Anything worth talking about, is worth blogging about

A study in the Canadian Medical Association Journal reports that the Reformatory crime bill (C–10) will lead to difficulties in integration of released prisoners. From a newspaper report on the study (since I can’t find an abstract):

Canada’s omnibus crime bill will lead to more physical and mental “degradation” among prisoners and risks their reintegration back into society, warns an article in Canada’s leading medical journal.


Without more resources, more prisoners will overwhelm already overburdened prison mental health services, he said, “and that continues to be an issue after someone is released from jail.

But remember, the Reformatories and Harpercons are Tough on Crime™. Wait, actually, they aren’t. What they really are is tough on criminals, which is not the same thing as being tough on crime. By making reintegration harder it makes them more likely to become career criminals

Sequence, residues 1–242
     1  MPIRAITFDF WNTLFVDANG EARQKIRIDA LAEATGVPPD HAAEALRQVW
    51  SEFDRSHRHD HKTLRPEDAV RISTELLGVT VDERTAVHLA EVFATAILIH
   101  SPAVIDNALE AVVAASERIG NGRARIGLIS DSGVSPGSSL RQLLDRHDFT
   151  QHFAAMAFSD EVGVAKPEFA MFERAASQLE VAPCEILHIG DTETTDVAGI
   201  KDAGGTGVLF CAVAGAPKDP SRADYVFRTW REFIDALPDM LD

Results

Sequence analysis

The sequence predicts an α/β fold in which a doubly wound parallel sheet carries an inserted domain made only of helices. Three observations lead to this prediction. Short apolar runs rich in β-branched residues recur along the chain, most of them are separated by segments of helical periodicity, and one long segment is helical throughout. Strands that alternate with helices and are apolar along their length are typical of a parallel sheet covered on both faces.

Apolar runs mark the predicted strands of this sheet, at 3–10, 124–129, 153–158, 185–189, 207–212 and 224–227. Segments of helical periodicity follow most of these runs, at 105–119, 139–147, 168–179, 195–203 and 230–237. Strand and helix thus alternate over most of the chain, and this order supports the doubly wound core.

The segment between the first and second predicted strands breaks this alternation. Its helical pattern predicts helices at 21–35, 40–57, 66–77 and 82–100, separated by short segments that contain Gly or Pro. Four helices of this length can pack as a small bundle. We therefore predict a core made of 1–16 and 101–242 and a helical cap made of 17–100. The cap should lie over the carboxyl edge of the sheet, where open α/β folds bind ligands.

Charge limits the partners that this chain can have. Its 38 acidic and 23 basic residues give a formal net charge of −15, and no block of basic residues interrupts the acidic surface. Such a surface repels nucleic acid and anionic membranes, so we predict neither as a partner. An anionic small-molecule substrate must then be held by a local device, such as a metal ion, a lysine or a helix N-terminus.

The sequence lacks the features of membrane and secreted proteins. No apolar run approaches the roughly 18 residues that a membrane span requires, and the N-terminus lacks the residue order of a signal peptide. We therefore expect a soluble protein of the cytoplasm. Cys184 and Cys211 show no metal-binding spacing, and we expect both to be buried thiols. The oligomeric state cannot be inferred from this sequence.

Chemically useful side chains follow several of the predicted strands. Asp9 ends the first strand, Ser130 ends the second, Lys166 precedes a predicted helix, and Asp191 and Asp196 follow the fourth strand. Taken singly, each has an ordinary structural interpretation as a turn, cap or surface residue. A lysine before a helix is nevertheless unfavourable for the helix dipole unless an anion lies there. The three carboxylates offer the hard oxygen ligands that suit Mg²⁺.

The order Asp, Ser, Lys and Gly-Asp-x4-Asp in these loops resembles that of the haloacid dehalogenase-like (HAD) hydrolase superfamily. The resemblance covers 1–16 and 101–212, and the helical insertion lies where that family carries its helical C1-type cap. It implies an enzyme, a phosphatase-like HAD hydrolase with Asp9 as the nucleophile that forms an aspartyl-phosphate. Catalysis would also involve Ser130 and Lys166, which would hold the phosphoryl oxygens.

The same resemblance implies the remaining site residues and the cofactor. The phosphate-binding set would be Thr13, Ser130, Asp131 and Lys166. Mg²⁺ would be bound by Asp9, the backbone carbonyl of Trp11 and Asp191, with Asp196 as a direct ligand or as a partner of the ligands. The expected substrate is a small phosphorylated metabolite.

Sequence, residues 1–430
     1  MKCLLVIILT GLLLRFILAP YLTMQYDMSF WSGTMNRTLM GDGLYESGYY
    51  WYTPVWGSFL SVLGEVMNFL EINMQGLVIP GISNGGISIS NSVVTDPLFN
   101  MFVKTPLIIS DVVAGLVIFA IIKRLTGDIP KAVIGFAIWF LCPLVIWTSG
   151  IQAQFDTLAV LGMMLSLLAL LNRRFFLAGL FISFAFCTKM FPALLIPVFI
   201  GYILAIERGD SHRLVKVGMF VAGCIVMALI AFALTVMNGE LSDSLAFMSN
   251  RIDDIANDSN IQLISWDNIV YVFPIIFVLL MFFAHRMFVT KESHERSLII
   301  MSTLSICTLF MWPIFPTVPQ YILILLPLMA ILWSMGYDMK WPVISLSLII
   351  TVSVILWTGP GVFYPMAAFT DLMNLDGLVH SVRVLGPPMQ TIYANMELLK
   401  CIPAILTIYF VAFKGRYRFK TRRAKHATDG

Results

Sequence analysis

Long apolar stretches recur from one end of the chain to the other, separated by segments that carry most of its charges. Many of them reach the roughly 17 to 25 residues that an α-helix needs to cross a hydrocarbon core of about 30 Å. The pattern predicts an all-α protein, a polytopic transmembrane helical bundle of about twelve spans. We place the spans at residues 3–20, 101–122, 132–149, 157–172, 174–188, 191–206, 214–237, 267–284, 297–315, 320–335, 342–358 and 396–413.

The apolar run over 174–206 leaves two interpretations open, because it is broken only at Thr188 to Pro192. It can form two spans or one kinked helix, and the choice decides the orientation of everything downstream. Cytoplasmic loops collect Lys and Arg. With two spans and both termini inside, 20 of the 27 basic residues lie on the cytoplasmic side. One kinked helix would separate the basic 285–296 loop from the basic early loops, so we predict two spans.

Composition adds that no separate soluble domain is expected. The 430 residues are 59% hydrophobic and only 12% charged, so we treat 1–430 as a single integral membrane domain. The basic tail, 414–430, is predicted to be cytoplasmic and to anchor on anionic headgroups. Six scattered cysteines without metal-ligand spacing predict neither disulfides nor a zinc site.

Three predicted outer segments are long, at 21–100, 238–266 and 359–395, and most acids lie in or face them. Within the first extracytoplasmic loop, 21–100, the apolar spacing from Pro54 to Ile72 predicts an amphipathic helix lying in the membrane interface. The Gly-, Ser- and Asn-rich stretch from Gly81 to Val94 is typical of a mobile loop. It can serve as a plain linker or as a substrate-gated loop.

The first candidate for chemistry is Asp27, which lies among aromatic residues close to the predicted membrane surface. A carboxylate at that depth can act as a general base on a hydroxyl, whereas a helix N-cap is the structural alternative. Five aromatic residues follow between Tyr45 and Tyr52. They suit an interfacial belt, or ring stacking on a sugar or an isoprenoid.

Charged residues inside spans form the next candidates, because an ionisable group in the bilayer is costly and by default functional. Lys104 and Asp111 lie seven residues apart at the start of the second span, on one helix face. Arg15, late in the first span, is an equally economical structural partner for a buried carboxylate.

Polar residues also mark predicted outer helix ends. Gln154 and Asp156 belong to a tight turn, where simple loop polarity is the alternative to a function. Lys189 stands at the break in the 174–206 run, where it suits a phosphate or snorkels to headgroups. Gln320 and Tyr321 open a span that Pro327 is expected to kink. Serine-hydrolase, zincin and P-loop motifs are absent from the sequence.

And many people in jail are for non–violent victimless/consensual crimes, like drug use and possession. If we ended the War on (some classes of people who use some) Drugs, if we quit wasting money punishing people who harm no one but themselves, and if we treated drug addiction like the medical problem it is, we’d do far more to save money and prevent crimes. That way we can get around to punishing real criminals who really do harm others and are a threat to society.


Comments on: "Study: crime bill to make reintegration harder" (2)

  1. Oh, the ironies!

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